Last night was long workout push-up/sit-up night. Nothing special to report. Workout completed as planned. I gotta say though that I feel really weak on push-ups. Sit-ups don’t seem too bad but push-ups? Yikes. Trust the process, trust the process, trust the process …
Short hard run tonight to keep getting back on track with running. Six short 100m hill repeats. I chose a somewhat too easy hill just because it was close to home and it was already late when I started. Next time I have the hill workout I have a b**** of a hill picked out. Should be a good one.
Tomorrow is supposed to be a 4-mile easy run, but in order to head off an ankle re-injury at the pass I’m going to switch it to a 40-minute bike ride.
Sunday late afternoon/early evening I laced up my supportive Brooks running shoes and went down to the gym. I did the elliptical trainer for a few minutes until my body felt loosened up. Then I went through my traditional rotational warm-up exercises to send some blood to my joints. Then I got on the treadmill.
I left the incline flat and started out slowly – 6 kph – until I got warmed up and started bumping into the front of the machine. I slowly – very, very slowly – increased the pace until I was going about 7.5 kph. And my foot/ankle felt good.
So I went outside and did this:
It was longer than it looks on that map.
Two workouts last night. My “wildcard” night for push-up and sit-up workouts and a substitution cardio workout for what should have been a planned 5-mile easy run.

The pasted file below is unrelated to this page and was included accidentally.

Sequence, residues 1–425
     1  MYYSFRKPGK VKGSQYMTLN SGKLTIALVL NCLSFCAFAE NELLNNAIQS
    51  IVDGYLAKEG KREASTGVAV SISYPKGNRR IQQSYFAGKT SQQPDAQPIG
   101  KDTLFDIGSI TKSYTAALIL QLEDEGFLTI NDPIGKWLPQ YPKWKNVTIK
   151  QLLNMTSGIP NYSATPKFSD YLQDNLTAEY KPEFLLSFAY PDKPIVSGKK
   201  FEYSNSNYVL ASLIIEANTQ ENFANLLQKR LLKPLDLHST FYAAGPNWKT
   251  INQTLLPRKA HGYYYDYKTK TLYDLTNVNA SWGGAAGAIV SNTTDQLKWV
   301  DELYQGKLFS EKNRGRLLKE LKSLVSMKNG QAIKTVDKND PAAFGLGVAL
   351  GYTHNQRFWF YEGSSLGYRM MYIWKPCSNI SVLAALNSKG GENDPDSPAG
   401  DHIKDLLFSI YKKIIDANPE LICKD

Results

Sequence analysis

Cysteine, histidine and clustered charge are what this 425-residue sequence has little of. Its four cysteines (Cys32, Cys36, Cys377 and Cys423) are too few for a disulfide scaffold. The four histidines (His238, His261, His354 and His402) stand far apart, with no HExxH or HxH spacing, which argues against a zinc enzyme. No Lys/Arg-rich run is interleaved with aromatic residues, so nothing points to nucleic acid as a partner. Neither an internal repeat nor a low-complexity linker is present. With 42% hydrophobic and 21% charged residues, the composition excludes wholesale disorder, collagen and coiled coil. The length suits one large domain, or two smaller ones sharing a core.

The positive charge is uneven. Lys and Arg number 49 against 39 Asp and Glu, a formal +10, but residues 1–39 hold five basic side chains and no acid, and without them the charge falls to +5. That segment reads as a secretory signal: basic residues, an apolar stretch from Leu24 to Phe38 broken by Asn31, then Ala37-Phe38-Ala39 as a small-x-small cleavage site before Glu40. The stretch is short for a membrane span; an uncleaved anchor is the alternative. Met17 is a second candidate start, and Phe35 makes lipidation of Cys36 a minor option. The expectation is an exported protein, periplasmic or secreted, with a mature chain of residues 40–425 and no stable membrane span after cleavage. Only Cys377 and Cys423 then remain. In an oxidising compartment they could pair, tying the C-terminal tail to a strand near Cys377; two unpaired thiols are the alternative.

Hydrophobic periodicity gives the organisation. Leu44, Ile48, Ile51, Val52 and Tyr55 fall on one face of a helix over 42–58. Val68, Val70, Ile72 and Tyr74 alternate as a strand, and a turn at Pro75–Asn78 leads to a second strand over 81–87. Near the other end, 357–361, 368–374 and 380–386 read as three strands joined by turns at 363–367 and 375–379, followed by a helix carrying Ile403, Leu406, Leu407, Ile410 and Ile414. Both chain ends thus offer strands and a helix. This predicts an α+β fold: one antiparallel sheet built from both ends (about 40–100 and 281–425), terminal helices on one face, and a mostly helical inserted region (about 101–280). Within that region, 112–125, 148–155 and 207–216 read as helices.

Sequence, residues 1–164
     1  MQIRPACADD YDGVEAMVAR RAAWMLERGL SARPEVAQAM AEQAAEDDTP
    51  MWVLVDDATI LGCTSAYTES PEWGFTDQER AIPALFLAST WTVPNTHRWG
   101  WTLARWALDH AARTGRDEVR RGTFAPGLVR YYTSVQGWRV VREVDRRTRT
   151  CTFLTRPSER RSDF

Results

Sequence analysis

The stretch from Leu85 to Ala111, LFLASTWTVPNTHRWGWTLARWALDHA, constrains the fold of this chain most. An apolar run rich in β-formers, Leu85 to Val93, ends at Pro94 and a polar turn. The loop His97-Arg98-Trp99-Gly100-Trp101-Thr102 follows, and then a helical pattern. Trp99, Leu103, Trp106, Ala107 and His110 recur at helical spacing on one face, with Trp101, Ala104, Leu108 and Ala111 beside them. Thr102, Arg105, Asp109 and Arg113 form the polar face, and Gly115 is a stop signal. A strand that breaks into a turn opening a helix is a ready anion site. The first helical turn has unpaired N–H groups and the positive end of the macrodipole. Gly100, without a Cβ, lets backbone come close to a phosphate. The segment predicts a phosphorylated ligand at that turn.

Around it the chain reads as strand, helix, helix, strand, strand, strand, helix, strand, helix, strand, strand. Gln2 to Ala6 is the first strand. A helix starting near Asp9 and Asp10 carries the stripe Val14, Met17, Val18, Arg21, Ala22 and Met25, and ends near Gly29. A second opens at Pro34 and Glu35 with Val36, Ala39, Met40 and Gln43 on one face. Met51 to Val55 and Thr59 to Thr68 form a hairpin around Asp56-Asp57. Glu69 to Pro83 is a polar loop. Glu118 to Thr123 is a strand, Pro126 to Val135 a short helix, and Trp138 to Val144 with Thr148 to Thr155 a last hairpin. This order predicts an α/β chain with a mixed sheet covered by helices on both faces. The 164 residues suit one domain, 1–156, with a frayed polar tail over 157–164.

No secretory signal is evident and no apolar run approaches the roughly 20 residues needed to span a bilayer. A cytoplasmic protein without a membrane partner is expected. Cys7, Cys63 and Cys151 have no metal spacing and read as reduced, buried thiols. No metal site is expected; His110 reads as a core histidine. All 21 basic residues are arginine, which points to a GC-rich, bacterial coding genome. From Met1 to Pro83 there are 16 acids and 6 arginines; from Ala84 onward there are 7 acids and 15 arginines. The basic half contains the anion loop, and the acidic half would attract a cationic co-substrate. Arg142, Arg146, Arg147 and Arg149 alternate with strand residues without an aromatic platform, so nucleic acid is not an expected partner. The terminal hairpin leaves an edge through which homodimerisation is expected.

For the push-up and sit-up workout I did ring push-ups. I hung my gymnastics rings about 3 inches above the ground from the frame of the Smith rack in the fitness center and did ten sets of ten reps of push-ups. For sit-ups I did three sets of weighted stability ball crunches and three sets of weighted leg raises.
After that I did three sets of ten rows. I raised the rings up so that when I grabbed them and put my feet up on a bench (facing the ceiling) I was about 6-inches off the ground.
I enjoyed mixing up the PU/SU workout. I’m going to take advantage of my wildcard workouts to do a lot of assistance exercises, strength work and other things to mix it up and keep it fresh.
For cardio I spun at an easy cardio rate for 40 minutes on my bike on the trainer. For those of you who have never ridden your bike on the trainer 40-minutes FEELS like 120-minutes. I must have looked at my Garmin every 90-seconds.
Tomorrow is the one-week point of my no running requirement. I’m going to jump on the treadmill after a deliberate and thorough warmup and see how my foot/ankle feels. If it is good to hook, then I’ll go out on my scheduled long, easy run from LAST Sunday. If all that goes to plan then I’ll pick up my run plan with the schedule that I had before.
Tonight’s workout was a “run substituted” swim interval. I did a 10 x 50m hard effort workout. I did 300m to warm up and 200m to cool down. Overall a shorter workout than Tuesday and with more rest intervals, but hard sustained efforts and more total time and distance at a hard pace.
I like the workout and it felt good. I coulda-woulda-shoulda incorporated some technique and skill drills before and/or after the main workout sets but I didn’t. No equipment, not training for a triathlon or swim race, no observer to provide technique feedback. Take your pick. I did.